And I'm an extrovert!

 

I need everything to stop at some point and have down time, and I just can't do that with a sleepover.

 

We know a lot of kids who don't.do.sleepovers.ever so I don't feel the least bit bad about it. Between the families we know with a special needs child who couldn't handle the house being turned upside down and the parents who just don't allow them, my DD who is social thinks she has it pretty good!  (My other DD is on the autism spectrum and just doesn't get why its fun to sleep on a floor rather than one's own bed).

 

I also don't like to have relatives stay in my house overnight.

 

And I only like to have people over to eat about every 3 months. I enjoy when I do it, but then I just don't want to again for months.

 

I prefer to see my friends in public -- meet at a restaurant and skip the whole "hosting" thing. Much nicer all around.

 

And I swear that I'm an extrovert -- I like being around people. I NEED to be around people. I just want them to go away so I can sleep.

post #38 of 67
Quote:
Originally Posted by rachelsmama View Post

I can relate.  I will probably never host a sleepover party unless it can be held at a hotel.  I willingly host sleepovers, but I'm very careful about who gets invited (only one), and when, and they don't happen often

 

 

Those seem to be rather popular these days.  We have a lot of hotels with amenities here, so that is part of why, but I hear about other people doing them now too.

My kids have never really had sleepovers.  My older daughter got invited to spend the night at her friend's house when she was younger, and it was stressful to her. She finally would talk in code because she didn't want to tell the girl she didn't want to spend the night.  So it's been awhile since either one has spent the night at each other's house.  My younger daughter, who is 9, has never spent the night at any friends house, nor has anyone come over here.  I would actually be fine with it, but she just doesn't have friends to invite, it seems.

 

Anyway, I can feel fairly stressed having stuff at my house, which is why when I've done birthday parties for my kids, we've generally gone somewhere else.  I was thinking maybe this would be about introverted children who didn't want to go to sleepovers. :D

post #39 of 67

Beanma, i can relate too.

in my culture of origin, sleepovers are not a regular occurence (sometimes, in some families, but only between cousins or very close friends)

but DD1 was in the US when aged 6-7-8  ... so she's much more keen that i am to have sleepovers ....

 

am resisting because i find them draining & have had health issues over the last 18 months & now DH has serious health issues too ....

2 years ago we "on impulse" swaped one kid with a friend i was visiting in another town; i left her my boy and got one of her daughters in exchange for 24 hours; they all had a good time & DD1 would like it to happen again ....

last year, she got to go and do a sleepover birthday party with a school friend ...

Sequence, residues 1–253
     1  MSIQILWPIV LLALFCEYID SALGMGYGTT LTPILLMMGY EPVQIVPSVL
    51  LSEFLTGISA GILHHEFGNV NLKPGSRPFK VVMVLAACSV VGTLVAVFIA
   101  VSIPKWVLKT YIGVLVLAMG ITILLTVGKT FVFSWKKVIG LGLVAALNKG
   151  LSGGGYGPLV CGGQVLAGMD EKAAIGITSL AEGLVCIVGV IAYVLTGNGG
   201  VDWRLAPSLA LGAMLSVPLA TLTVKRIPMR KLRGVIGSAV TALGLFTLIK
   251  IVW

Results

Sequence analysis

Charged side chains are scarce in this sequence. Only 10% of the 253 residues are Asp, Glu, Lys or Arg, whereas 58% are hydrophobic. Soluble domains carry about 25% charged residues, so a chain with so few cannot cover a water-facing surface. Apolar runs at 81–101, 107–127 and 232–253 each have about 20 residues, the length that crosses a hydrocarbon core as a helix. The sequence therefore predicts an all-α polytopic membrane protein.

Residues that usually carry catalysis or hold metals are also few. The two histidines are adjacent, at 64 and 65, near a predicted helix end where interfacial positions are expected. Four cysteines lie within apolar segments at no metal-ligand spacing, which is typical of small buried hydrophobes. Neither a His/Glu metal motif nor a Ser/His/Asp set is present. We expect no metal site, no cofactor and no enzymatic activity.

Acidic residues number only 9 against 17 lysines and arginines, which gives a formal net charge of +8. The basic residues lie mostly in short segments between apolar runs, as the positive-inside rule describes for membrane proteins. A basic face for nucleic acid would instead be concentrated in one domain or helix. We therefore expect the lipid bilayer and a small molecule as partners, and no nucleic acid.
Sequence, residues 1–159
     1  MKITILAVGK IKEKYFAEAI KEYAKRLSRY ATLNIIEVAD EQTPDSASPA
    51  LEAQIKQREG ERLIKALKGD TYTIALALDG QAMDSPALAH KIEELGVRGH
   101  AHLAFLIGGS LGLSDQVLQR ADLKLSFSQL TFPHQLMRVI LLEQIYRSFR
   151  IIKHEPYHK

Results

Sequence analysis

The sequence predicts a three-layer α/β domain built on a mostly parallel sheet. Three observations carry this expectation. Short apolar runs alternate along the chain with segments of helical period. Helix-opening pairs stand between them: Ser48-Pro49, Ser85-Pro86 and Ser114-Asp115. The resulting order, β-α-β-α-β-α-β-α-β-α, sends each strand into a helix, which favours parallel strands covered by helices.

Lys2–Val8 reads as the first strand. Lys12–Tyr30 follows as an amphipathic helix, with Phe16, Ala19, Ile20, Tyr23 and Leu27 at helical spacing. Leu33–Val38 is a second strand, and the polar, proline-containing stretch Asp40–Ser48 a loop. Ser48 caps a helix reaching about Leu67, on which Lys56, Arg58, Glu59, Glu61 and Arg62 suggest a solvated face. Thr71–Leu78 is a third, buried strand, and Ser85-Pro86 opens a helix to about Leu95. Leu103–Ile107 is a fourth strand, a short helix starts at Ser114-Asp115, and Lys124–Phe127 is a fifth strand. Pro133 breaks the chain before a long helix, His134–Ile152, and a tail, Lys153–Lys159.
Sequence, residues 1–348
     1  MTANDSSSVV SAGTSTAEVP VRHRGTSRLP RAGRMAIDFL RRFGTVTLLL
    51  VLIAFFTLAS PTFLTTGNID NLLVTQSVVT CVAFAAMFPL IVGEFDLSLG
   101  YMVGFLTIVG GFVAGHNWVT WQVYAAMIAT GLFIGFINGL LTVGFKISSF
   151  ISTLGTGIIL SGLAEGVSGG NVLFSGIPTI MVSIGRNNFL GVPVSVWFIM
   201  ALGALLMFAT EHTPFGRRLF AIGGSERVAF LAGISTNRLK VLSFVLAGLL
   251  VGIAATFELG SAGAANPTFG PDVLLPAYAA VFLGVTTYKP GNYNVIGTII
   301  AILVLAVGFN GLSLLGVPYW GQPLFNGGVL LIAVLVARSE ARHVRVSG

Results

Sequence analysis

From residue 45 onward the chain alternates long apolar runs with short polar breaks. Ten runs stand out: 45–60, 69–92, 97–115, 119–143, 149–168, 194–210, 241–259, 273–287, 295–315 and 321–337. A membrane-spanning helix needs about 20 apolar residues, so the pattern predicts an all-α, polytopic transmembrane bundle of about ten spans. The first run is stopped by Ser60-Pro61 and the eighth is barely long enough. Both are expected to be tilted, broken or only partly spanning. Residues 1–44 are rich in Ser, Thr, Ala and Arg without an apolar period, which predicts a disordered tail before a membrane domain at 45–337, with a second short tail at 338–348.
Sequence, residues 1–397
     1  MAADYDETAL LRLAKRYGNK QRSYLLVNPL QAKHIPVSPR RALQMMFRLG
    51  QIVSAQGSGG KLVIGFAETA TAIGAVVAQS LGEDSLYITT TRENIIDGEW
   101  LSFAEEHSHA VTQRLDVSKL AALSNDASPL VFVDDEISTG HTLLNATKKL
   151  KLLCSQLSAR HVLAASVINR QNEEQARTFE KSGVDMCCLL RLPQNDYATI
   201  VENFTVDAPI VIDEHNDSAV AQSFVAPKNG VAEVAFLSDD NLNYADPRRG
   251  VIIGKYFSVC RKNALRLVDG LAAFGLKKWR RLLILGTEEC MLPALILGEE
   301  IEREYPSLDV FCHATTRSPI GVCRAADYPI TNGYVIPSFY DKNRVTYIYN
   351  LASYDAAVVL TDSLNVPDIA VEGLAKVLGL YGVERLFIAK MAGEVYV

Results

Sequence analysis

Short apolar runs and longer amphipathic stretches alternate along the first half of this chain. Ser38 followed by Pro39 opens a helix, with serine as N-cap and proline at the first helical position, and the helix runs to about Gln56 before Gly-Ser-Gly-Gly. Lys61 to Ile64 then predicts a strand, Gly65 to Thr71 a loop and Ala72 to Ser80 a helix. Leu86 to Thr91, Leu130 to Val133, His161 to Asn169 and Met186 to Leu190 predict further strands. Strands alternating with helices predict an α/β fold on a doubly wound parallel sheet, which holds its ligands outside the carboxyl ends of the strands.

to me, that's more than enough .. to her, not enough ...

i see it as ALSO teaching limits ... she won't always be able to have all she wants in life, this is one of the things that i'm not comfortable with now.... too bad for her ... (i also found the "go and get therapy comment" a bit abrupt if not rude ..... i mean, there are so many different cultures on earth, with various ways to raise children .... to me, sleepovers are very culturaly marked ... you would be living in a different culture, you wouldn't be expected to do it at all ...)

post #40 of 67

I'm an introvert, I was as a kid, too, but I used to LOVE having sleepover parties for my birthday. The first time I had one, I was 7, and Mom had the entire Bluebird (like Brownies) troop over--15 girls. Even though we had the house and yard to handle it, that was a bit much, but I always wanted a sleepover party after that. I usually had 3 or 4 girls, did as much of the pre-party stuff myself as was age-appropriate, and we didn't do a whole lot of _planned_ stuff during the party. Mom always made a pot of spaghetti, and a bunch of popcorn, and we had cake.  We also had one of those SodaStream machines (yes, they were around in the 1980's!) for sodas (their syrups were healthier than store soda, at the time).  We would listen to records, go outside to play in the middle of the night (with the yard light on--we lived in the country, and didn't have neighbors close by), play Barbies--whatever we were into at that age.  I think I had a sleepover every year from 7 till 15, by my own choice.  My folks were always home, of course, and my brother would either spend the night at a friend's house (whose sister might be at our house--we were friends with a few families with sons my brother's age and daughters my age) or he would have one friend overnight, so that he wouldn't be in our hair.  We would take over the living room and try to stay up all night.  It was only one night a year, and it was a ton of fun.

 

My kids aren't to that age, yet, but, if they want to have sleepovers on their birthdays, I'll definitely make sure it happens.